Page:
Liberalization in the Developing World: Institutional and Economic Changes in Latin America, Africa, and Asia

Liberalization in the Developing World: Institutional and Economic Changes in Latin America, Africa, and Asia

Liberalization in the Developing World: Institutional and Economic Changes in Latin America, Africa, and Asia

Liberalization in the Developing World: Institutional and Economic Changes in Latin America, Africa, and Asia

Synopsis

This book compares the success of liberalisation strategies in Asia, Africa and Latin America over the past decade. Three models emerge, which reflect the degree of state intervention in the economy and the success of liberalisation policies developed.

Excerpt

They believed their words. Everybody shows a respectful deference to certain sounds that he and his fellows can make. But about feelings people really know nothing. We talk with indignation or enthusiasm; we talk about oppression, cruelty, crime, devotion, self-sacrifice, virtue, and we know nothing real beyond the words. Nobody knows what suffering or sacrifice mean—except, perhaps, the victims of the mysterious purpose of these illusions.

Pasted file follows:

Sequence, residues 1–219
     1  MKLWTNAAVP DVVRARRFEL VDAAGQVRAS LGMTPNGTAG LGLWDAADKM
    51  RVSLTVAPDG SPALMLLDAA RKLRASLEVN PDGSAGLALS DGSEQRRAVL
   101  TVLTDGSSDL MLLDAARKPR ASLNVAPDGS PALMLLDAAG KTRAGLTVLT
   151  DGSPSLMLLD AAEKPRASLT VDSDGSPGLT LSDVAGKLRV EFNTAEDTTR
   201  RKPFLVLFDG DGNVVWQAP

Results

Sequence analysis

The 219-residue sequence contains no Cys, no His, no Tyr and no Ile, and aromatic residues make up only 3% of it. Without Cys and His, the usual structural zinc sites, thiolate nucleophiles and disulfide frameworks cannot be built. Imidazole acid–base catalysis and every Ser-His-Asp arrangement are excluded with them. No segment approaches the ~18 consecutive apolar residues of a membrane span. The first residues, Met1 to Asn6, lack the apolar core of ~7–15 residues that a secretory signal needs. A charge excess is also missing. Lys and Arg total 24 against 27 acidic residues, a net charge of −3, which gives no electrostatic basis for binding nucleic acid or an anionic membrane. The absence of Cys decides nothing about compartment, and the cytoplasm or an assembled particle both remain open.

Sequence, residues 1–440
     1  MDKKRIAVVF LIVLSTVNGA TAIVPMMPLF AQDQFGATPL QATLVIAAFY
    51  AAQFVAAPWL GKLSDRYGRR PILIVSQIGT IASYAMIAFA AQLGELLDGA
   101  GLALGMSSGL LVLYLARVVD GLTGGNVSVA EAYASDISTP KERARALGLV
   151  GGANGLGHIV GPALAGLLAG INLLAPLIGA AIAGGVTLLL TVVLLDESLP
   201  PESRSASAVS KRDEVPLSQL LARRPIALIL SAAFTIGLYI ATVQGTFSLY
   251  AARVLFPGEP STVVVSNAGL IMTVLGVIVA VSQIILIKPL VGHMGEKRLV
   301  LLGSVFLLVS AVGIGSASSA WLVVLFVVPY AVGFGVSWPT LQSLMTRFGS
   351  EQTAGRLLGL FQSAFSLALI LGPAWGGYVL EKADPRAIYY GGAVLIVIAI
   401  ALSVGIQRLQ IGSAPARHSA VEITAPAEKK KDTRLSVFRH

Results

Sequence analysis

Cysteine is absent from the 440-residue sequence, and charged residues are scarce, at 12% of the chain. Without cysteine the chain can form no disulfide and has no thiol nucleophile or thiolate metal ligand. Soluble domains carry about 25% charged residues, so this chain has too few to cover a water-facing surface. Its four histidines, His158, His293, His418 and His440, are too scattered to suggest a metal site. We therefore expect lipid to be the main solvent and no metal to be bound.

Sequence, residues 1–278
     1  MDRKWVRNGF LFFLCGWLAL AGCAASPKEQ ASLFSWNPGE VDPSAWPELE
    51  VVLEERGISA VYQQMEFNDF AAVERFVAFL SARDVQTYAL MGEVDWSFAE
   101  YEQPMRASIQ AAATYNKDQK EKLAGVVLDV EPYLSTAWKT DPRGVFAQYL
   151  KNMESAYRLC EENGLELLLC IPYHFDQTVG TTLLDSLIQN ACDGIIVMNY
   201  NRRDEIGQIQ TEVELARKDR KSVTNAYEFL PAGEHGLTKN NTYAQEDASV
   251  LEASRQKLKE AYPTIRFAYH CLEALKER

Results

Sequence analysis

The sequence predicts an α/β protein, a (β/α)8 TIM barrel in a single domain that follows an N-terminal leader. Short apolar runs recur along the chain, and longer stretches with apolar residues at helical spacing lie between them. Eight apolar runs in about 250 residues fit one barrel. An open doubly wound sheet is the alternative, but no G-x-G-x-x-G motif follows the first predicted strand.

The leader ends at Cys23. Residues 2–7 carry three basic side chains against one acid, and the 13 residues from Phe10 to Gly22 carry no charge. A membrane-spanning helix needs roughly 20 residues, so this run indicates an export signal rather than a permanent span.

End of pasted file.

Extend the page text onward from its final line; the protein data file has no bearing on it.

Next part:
Joseph Conrad, (1974) Tales of Unrest, New York: Gordon Press

In recent years the conceptualization of internationalization and liberalization has provoked a heated debate on major shifts in the fortune of nations and the development strategies adopted by the developing countries. After having for several decades opted for import-substituting industrialization policy, practically all developing countries adhered to neoliberal reforms and opened up their economies to foreign competition in order to enhance competitiveness and acquire comparative advantages. Not all of them succeeded in gaining economic strength, but, as the several cases of the emerging economies in Asia and Latin America show, neoliberal reforms in combination with export-led industrialization drives led the way for self-sustained growth.

The theory presented in this book attempts to capture the full complexity of the ongoing economic transformation of the Third World economies. the cases presented in this book seek to integrate the many elements that influence how governments and political regimes try to increase their wealth by gaining competitive advantages. in turn this allows them to increase their share in world trade and permits them to finance their development out of their rising import earnings.

Our theory draws on and spans several fields. At its core is the theory of competitive advantage and technological innovation. But given the extremely diverse countries studied in this book, it would be hazardous to develop a comprehensive theory of competitive advantage of nations. Not all nations compete with each other and many of them remain in a depen-

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